There has been a longstanding tension between the drag community and the transgender community. The most recent flare-up comes from RuPaul (again) for using the word "shemale" prominently in a contest on the sixth season premier episode of Drag Race.
What makes this even more awkward is that GLAAD had been promoting this episode. RuPaul has been problematic for the transgender community in the past when defending the use of the word "tranny," as well as saying that the only difference between a drag queen and a transsexual is "$25,000 and a good surgeon."
In all of these kerfuffles, though, the pushback against the transgender community is usually something along the lines of "you're being too sensitive," "you people can't take a joke," that some transgender people got a start in drag culture, or that drag culture is really a good thing because it challenges the gender binary. However, these are only the "pros."
I have to look at the issue from the perspective of an analyst and advocate trying to make headway for better policy and acceptance of transgender people who live in their target gender 24-7 -- or want to but cannot because they would lose their jobs. Thus, when trying to answer the question of whether drag culture helps or hurts the transgender community overall, I have to also take into account the "cons."
From this perspective, the equation isn't even close. Drag culture clearly hurts the transgender community because the two get conflated, and RuPaul is a big part of that problem.
The promotion of words like "tranny" and "shemale" is part of it. Ultra-right-wing anti-LGBT outlets use the word "tranny" as a smear to argue against transgender people having employment protections, serving in the military, and generally being treated as human.
When anti-LGBT people successfully block legal protections for gender identity, the folks in the drag community don't pay the price. Drag performers generally identify as cisgender and are covered by sexual orientation protections, which are far more common and much less controversial.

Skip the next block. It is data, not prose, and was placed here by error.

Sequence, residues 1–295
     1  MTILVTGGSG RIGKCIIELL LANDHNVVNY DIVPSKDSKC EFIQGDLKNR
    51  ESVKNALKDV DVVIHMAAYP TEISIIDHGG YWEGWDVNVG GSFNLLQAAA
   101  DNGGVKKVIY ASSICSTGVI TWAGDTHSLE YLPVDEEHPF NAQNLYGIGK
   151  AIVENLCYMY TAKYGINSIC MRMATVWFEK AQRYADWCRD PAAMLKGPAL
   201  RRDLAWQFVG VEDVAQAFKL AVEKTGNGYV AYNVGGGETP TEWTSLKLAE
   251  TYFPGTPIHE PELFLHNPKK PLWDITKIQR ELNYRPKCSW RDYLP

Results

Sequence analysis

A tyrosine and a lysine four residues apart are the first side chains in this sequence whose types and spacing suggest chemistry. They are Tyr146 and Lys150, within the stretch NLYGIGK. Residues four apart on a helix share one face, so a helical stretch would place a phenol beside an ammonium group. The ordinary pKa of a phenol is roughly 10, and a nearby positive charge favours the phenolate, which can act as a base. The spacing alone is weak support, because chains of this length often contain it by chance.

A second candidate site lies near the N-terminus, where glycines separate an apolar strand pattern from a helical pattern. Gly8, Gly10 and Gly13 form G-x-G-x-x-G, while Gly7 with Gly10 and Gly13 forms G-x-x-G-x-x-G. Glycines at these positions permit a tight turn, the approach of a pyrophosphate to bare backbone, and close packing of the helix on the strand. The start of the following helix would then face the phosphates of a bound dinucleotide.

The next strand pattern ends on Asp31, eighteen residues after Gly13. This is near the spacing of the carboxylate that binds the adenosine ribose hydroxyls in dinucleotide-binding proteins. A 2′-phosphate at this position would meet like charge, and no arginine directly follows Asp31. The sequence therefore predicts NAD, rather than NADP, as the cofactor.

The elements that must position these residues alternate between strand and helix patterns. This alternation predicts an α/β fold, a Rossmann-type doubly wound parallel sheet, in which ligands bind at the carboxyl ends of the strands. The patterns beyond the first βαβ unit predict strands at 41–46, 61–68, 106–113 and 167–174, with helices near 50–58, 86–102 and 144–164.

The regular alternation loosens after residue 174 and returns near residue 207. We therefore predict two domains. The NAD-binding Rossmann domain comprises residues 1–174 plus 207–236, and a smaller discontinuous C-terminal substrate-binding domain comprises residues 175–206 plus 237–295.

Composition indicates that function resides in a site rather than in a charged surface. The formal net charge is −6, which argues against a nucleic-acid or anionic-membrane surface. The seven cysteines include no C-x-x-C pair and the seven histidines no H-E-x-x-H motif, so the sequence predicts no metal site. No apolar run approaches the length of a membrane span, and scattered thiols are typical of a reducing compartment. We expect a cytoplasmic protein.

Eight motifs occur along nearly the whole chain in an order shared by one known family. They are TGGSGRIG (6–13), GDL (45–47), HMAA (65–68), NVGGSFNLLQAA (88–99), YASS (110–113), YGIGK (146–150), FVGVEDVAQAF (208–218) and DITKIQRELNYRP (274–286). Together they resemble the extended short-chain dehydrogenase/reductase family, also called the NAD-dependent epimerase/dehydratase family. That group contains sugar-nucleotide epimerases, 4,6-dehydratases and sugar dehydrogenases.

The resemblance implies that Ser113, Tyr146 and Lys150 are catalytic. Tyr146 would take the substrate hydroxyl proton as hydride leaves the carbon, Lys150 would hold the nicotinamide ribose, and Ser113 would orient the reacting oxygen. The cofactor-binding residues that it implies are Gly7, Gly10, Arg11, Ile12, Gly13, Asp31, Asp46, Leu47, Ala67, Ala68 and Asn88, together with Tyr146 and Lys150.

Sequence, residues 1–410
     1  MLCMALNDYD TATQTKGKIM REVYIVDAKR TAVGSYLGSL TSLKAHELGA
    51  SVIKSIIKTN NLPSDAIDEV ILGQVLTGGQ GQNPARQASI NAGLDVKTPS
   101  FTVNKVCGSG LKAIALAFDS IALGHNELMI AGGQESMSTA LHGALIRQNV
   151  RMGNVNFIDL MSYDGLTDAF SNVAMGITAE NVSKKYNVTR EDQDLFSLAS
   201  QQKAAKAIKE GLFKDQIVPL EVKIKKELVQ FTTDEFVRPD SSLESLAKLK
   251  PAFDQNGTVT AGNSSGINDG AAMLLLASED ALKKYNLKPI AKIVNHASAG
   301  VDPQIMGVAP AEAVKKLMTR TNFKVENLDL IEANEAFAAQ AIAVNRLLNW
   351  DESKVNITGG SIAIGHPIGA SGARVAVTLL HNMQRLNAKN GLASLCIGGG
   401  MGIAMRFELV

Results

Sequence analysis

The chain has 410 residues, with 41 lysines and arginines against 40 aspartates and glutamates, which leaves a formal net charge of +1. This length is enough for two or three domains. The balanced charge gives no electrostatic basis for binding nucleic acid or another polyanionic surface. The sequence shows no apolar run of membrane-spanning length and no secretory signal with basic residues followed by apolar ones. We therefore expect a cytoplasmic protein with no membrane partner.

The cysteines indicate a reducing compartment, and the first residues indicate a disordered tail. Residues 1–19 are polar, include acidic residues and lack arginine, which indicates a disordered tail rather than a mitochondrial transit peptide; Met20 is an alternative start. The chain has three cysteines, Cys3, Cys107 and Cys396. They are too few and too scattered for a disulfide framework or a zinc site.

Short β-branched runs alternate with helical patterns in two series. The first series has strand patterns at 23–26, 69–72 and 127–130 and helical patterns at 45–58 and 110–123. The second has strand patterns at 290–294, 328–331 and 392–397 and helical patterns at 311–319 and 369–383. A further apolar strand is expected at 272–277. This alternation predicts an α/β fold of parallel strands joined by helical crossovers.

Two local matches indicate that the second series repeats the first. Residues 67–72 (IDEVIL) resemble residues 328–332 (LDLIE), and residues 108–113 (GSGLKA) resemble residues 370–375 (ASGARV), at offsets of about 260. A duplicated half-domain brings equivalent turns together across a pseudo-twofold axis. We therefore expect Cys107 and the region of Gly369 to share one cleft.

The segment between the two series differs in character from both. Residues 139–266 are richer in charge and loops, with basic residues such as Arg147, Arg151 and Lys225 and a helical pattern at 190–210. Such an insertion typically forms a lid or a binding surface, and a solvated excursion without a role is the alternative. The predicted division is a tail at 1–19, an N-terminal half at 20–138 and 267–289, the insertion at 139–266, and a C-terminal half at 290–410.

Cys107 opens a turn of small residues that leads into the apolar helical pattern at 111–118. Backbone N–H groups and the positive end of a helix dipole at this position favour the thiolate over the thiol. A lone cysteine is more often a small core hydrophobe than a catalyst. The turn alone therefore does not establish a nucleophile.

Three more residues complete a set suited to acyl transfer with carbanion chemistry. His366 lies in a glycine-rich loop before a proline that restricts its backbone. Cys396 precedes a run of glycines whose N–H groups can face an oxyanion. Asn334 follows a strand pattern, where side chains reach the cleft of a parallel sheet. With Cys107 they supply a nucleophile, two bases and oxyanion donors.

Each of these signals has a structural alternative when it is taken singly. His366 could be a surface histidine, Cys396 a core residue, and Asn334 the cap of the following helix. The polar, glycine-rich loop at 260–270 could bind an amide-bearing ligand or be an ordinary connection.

Beyond "tranny," though, is the word "shemale." This is used only in a pejorative sense towards transgender women. It also has real-world implications.
One of my closest friends works in an extraordinarily hostile environment, which she puts up with because she desperately needs the job. She is called "it," "shim," and "shemale." She has confessed that she's fairly certain that if she's murdered (possibly by the people she works with), "shemale" will be the last thing she hears before she gets it in the back of the head.
Again, drag culture gets to use the word, we get it in the back of the head -- at twice the rate of the rest of the LGBT community.
Drag culture in and of itself is used by the religious right as weapon to demonize the T in LGBT when they argue against employment protections or hate-crimes laws. The ad below was used by the Traditional Values Coalition to argue against ENDA. It uses both the words and imagery that drag culture seems to embrace -- to attack transgender rights (click to enlarge):
From an even bigger-picture perspective, the long-term fight isn't just about law and policy, it is about acceptance. Transgender people cannot perpetually exist as "those people who sue you" and gain some measure of acceptance.
I have heard many (cisgender) individuals argue that drag's challenge to the gender binary pushes acceptance of the transgender violation of gender boundaries. From my perspective, I see just the opposite.
Drag culture is performance art: it is an over-the-top, campy, garish caricature of stereotypes of femininity. Drag queens appear as living cartoons, and are not intended to be taken seriously.
However, the conflation of drag and transgender means that the public stereotype of transgender individuals is shaped by drag. Only 9% of the public knows a transgender person. For the other 91%, transgender people are defined by pathetic creatures like Rayon from Dallas Buyers Club, or the exaggerated caricature portrayed by drag.
Imagine trying to obtain work while fighting an uphill battle against these stereotypes.
The relationship between drag culture and the transgender community is very unbalanced, due to a disparity of power. Drag performers get to go out, have fun on a weekend, and go back to work on Monday in drab. But the drag show on Saturday is part of the reason why many transgender people living in their target gender 24-7 don't have a job to go to on Monday.
To many of us who identify as transgender, drag culture is like being legally forced to pay the bar tab of a massive party for people richer than that you weren't invited to, and didn't want to attend anyway.
This is not to argue against anyone's freedom of expression -- people have every right to do drag. However, people who support the culture need to be reminded of who is really picking up the tab in terms of legal rights and cultural acceptance.
And they definitely shouldn't be shocked when we don't seem grateful when we're forced to pay the butcher's bill.